Nigeria: Pirates kidnap 19 foreign crew members off Bonny Island
Pirates kidnapped 19 foreign crew members from a tanker around 77 nm off Bonny Island in the Gulf of Guinea. Most of the abductees are believed to be Indian nationals. The tanker has been reported safe. Niger Delta-based pirates regularly carry out kidnap-for-ransom attacks in the Gulf of Guinea
Analysis: Criminal gangs and former combatants from the Niger Delta are among the primary drivers of maritime piracy in the Gulf of Guinea. The response of both Nigerian and regional forces to piracy has been ineffective and Nigerian political and military figures are suspected of profiting from piracy. Pirate gangs operating out of Nigeria are typically heavily armed and respond violently when confronted. Vessels passing through the territorial waters of Nigeria, Benin and Togo face an elevated threat of piracy, but past attacks from Nigeria-based groups have taken place as far as 170 nm off the coast and as far south as Angola. The highest concentration of kidnappings occur in shipping lanes near Bayelsa and Delta states, putting ships using Port Harcourt particularly at risk. There have been multiple other attacks targeting ships while at anchorage off Lagos and other Nigerian ports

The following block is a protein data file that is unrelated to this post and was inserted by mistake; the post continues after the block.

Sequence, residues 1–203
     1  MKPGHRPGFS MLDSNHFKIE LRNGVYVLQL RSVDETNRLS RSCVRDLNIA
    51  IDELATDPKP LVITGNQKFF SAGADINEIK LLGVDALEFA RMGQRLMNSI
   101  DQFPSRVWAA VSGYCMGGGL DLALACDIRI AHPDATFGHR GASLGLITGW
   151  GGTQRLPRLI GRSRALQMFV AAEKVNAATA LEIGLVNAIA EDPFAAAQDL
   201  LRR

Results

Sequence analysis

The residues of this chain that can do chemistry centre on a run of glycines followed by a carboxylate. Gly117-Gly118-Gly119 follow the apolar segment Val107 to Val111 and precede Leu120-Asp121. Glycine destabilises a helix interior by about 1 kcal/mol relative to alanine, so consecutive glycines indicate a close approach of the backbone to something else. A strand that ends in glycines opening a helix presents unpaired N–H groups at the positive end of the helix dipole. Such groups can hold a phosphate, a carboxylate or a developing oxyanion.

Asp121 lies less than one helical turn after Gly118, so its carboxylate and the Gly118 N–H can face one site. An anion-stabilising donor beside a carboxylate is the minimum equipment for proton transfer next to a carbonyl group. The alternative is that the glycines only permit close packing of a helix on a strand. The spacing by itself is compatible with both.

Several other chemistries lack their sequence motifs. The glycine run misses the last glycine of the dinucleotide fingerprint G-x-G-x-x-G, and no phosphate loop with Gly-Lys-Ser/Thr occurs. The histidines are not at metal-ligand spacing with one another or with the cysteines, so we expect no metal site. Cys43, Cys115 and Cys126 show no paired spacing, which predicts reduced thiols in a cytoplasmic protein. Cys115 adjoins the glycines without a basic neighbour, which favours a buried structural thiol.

Nigeria: Clashes between cult groups kill 3 in Lagos state
Clashes between members of rival cult groups killed three people in the Ikorodu and Ajah areas of Lagos State. Young men from rival groups reportedly launched carried out revenge attacks after one man was killed in unclear conditions on the Igbogbo-Igbe Road on 5 December. Cult clashes are intermittently reported in Nigeria. Media reports did not specify which cult groups were involved in the clashes
Analysis: Tension and insecurity remain rife in Lagos State and around Lagos Lagoon.
Select Maritime News
Brazil: Authorities seize one tonne of cocaine at Santos port
Authorities seized one tonne of cocaine from three containers at unknown terminals of Santos port. Authorities, aided by sniffer dogs, found the narcotics during an overnight anti-narcotic operation. Local media reported that 269 kg of cocaine was bound for Rotterdam port in the Netherlands while the remaining 770 kg of narcotics were bound for Antwerp port in Belgium. Large-scale drug seizures are frequently reported at Santos port.
Philippines: Customs seize 6 containers of smuggled items at Manila port
The bureau of customs seized six containers of smuggled coffee beans, corned beef and used clothing at Manila International Container Port. Of the six containers, five were filled with bags of coffee beans from Hong Kong and cans of corned beef from Brazil, while the other container carried second-hand clothes from South Korea. The food products were falsely declared as textiles, ketchup, and crackers while the clothes were listed as new items given that customs prohibits the import of used clothing. Customs said the seized containers arrived in the country on separate dates.
Iran: US officials seize suspected Iranian missile parts in Arabian Sea
United States officials have said they seized a 'significant cache' of suspected Iranian guided missile parts headed to rebel groups in Yemen. The US maritime forces seized the cache from a small boat in the northern Arabian sea. Tehran has not commented on the seizure.